Q: Are you recommending any software concerning the military?

A: I don't cover any software companies that deal with only the military. However, companies like Microsoft and Oracle do a decent percentage of their business with the federal government and should benefit from strength in federal IT spending.

Q: It's often said that the purchases made in anticipation of Y2K are obsolete already and will have to be replaced. Will that be a tonic for software?

A: To some extent. For instance, the PC upgrade cycle should benefit Microsoft. However, some areas that were heavily spent on in that period, such as CRM, never really proved their return on investment. So it's yet to be seen whether there will be any new growth cycle in that particular area. Web services, which will really be a key growth area going forward, is essentially a new area for software and really doesn't have that overhang to work off.

Q: Your thoughts on webMethods (WEBM)?

A: I don't cover webMethods. However, they are one of the primary vendors in the enterprise application integration (or EAI) space, along with Tibco Software (TIBX). This area will likely come under increasing pressure from growth in Web services, which will essentially allow software to interoperate more efficiently. And that could put pressure on the whole EAI sector, in our opinion.

Q: Is this momentum on techs -- or do fundamentals support the prices?

A: There has been some momentum investing in technology, which is evident. However, valuation in the software sector in particular prevents us from getting more positive on the sector as a whole, despite some improvement in fundamentals. We just don't know if this improvement will be sustainable in order to justify some of these lofty valuations.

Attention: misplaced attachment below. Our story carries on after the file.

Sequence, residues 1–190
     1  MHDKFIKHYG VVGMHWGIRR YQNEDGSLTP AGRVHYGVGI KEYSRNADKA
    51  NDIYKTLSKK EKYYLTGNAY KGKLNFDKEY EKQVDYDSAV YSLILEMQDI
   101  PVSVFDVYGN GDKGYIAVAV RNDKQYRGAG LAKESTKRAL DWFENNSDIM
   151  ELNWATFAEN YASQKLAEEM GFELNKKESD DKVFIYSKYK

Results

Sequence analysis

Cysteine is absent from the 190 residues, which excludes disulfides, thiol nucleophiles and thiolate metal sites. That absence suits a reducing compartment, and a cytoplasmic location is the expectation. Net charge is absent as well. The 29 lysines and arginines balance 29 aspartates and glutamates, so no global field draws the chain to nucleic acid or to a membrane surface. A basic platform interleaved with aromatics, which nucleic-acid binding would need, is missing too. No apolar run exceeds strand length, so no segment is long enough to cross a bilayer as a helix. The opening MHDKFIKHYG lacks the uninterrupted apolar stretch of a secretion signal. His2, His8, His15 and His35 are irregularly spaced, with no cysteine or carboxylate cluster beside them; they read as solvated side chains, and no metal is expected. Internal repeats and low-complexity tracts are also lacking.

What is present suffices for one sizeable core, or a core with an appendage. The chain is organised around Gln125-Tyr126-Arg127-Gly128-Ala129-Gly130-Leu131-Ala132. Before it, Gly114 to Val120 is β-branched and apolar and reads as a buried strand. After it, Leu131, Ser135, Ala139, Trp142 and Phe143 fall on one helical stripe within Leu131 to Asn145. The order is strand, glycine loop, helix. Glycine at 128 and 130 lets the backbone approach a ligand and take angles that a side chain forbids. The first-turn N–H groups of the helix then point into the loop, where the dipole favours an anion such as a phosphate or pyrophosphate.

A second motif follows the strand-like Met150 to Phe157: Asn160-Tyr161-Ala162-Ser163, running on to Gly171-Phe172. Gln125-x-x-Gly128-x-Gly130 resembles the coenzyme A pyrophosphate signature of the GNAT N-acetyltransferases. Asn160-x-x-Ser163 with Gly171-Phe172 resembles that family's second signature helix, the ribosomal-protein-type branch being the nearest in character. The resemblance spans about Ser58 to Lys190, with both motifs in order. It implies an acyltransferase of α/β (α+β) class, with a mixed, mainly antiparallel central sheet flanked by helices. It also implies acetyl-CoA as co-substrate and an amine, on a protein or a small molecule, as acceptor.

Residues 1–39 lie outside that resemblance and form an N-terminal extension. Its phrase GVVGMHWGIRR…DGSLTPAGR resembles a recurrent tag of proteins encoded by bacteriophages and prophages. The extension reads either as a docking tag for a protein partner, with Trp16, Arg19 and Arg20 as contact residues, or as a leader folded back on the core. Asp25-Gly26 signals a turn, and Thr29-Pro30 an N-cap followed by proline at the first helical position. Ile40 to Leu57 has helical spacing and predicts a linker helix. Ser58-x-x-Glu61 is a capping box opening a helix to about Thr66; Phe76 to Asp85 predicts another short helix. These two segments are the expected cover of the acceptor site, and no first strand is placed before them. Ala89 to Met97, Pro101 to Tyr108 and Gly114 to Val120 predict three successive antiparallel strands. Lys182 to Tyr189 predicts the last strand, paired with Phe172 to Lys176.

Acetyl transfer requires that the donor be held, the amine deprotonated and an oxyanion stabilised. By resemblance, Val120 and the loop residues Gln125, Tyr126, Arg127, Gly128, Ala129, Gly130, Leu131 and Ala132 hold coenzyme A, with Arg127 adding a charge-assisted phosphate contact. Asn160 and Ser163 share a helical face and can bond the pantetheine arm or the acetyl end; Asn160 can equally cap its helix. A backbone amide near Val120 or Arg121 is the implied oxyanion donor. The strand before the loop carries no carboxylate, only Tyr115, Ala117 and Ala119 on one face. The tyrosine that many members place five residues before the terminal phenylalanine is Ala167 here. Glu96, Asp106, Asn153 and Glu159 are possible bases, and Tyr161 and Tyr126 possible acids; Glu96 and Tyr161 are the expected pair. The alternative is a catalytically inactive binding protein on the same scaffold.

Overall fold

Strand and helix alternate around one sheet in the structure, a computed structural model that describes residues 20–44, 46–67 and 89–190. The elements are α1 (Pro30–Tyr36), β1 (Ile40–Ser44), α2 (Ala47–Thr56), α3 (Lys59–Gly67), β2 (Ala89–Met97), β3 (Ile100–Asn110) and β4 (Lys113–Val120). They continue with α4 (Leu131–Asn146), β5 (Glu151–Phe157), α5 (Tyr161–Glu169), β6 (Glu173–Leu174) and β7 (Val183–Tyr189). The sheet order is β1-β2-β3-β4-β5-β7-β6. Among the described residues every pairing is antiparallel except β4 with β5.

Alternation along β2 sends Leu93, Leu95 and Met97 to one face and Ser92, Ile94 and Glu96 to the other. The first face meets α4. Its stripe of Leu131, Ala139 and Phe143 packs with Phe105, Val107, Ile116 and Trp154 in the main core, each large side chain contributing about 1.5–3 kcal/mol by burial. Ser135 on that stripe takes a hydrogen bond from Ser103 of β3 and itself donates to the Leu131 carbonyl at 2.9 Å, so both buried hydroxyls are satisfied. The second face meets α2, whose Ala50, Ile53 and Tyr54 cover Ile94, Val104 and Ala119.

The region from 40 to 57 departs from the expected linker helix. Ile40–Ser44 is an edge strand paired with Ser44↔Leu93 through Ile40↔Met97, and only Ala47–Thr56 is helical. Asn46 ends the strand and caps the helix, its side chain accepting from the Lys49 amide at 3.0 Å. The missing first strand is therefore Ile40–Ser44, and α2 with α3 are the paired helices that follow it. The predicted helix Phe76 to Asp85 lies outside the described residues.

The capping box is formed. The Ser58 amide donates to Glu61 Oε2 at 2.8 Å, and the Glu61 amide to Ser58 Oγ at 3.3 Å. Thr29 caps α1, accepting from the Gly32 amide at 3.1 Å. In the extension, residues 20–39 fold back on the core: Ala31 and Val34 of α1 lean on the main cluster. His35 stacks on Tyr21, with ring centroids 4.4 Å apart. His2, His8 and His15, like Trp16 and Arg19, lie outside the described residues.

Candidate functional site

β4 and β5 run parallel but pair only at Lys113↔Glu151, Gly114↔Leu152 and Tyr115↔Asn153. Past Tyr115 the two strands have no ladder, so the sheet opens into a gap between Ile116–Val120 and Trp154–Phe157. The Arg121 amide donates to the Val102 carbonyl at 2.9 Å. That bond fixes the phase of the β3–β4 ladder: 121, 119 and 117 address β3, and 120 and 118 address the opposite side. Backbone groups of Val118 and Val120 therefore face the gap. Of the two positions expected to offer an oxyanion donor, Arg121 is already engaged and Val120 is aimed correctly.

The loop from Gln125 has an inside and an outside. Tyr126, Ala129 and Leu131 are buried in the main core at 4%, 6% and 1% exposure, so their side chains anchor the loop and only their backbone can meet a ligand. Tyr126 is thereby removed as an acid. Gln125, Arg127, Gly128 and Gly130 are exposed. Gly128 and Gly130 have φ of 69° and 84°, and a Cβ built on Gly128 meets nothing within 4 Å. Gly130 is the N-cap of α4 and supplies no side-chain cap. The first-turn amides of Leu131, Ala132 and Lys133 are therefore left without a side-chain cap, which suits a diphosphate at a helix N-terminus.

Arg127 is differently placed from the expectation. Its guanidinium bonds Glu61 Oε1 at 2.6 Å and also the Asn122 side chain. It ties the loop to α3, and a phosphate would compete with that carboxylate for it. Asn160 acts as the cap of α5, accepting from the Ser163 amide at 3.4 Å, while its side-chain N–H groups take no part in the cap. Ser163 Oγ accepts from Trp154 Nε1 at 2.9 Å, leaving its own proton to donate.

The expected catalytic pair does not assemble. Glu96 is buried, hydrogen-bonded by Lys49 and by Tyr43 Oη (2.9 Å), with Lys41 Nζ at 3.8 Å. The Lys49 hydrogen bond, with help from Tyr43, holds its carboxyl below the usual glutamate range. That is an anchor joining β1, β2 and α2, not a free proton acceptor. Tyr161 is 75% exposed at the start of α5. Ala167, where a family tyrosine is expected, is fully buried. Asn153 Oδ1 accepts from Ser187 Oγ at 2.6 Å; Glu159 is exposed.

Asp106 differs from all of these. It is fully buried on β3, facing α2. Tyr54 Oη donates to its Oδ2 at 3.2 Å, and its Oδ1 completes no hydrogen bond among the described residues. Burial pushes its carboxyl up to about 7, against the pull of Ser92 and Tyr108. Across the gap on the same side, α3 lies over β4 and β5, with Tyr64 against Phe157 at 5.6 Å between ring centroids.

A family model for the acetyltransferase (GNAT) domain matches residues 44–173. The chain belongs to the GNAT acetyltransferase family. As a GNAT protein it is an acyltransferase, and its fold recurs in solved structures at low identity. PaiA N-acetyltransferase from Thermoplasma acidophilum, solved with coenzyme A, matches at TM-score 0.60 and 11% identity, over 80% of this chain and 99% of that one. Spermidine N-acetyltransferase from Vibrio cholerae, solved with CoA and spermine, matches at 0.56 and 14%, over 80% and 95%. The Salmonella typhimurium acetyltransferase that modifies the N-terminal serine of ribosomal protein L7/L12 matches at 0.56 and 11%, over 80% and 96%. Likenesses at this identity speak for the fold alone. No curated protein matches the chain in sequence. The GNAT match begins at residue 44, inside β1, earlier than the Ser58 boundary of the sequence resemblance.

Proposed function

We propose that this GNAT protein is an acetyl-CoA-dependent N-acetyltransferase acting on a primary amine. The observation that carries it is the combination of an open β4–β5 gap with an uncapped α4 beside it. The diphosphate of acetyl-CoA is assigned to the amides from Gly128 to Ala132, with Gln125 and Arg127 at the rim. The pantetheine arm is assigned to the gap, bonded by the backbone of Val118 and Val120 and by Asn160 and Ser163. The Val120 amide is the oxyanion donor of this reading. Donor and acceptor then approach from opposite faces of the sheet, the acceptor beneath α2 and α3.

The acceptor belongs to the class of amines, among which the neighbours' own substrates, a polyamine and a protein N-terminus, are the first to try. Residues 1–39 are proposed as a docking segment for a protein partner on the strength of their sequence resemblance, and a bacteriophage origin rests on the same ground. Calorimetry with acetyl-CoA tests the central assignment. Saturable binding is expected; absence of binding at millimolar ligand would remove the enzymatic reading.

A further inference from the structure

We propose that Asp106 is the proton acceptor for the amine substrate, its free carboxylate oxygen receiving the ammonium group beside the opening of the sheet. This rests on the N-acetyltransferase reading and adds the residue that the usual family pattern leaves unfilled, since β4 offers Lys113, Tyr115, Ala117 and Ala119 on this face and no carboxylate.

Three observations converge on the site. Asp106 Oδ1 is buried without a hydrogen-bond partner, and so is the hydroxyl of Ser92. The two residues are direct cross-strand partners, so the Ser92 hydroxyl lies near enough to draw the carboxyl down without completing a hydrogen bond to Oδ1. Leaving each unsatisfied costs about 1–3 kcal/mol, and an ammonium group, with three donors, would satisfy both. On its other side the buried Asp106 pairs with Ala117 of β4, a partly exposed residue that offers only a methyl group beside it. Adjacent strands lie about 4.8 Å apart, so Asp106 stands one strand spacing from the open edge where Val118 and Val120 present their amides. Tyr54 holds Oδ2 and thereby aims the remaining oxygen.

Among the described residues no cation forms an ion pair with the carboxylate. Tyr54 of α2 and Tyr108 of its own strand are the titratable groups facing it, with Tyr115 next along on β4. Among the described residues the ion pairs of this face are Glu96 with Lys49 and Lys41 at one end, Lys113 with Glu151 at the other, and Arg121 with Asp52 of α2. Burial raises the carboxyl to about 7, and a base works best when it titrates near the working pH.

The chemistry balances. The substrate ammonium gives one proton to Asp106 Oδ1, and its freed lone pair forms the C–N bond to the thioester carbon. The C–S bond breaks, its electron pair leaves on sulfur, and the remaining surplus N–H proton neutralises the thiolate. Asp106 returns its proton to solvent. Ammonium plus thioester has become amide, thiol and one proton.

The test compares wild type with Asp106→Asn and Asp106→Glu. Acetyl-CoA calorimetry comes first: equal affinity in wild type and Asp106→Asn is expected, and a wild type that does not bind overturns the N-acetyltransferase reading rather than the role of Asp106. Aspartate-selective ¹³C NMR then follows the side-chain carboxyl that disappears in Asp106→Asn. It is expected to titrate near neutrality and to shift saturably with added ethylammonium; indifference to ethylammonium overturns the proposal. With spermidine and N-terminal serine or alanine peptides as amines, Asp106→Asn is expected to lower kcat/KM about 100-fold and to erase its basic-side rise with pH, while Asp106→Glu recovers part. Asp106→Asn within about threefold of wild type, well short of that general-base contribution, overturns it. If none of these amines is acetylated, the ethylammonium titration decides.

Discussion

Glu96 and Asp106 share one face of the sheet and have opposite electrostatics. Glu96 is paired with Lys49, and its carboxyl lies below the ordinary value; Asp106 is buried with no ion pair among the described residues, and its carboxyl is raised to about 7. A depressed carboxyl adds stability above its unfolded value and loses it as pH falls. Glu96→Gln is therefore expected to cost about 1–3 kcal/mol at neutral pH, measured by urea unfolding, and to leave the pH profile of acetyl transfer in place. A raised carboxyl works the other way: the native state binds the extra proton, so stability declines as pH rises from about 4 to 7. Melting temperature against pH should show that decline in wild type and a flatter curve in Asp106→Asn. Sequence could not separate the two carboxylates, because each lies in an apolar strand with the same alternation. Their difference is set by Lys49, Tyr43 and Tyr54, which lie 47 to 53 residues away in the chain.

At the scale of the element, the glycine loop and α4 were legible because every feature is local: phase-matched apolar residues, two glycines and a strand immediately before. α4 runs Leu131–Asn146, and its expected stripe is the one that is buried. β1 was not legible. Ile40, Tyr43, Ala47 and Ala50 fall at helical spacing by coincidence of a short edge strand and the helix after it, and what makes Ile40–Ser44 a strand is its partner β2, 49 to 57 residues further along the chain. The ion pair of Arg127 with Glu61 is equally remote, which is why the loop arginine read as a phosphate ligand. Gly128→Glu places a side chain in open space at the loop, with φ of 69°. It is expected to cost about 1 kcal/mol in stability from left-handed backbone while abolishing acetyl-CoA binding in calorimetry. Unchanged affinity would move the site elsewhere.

Q: How about Red Hat (RHAT)?

A: I don't cover Red Hat, and it's not in our coverage universe. However, Linux as a whole continues to grow nicely -- and combined with Windows, in our opinion, it's taking share from Unix. However, we believe that the Linux operating system will continue to play a role in low-cost services. We're just not quite sure at this point that companies will run mission-critical operations on Linux operating systems yet. This could slow the recent rapid growth of Linux over the long term. I can't make any specific comments on Red Hat since I don't cover them.

Q: Can you comment on BMC Software (BMC), please?

A: I have a sell recommendation on BMC. This is primarily due to our concerns over the company's valuation, due to our belief that its mainframe business is a low-single-digit grower and yet the company trades at about 30 times our fiscal year '05 EPS estimate of $0.52. So we don't believe this valuation premium is warranted at these levels.

Q: What stocks do you think might be acquired?

A: It's always dangerous to speculate on that basis. However, with recent deals such as Oracle's bid for PeopleSoft and PeopleSoft's merger with J.D. Edwards (JDEC), in addition to EMC's purchase of Legato Systems (LGTO), consolidation in the software industry is clearly under way. We wouldn't buy a stock based purely on takeover speculation.

Q: How about reminding us of your top stocks, buys and accumulates -- and perhaps those we should avoid or sell?

A: Our buy recommendations are Sybase (SY) and Microsoft (MSFT). Our accumulate recommendations are Symantec (SYMC), Check Point Software (CHKP), Electronic Arts (ERTS). Our avoid recommendations are RSA Security (RSAS) and THQ (THQI). Our sell recommendation is BMC Software (BMC).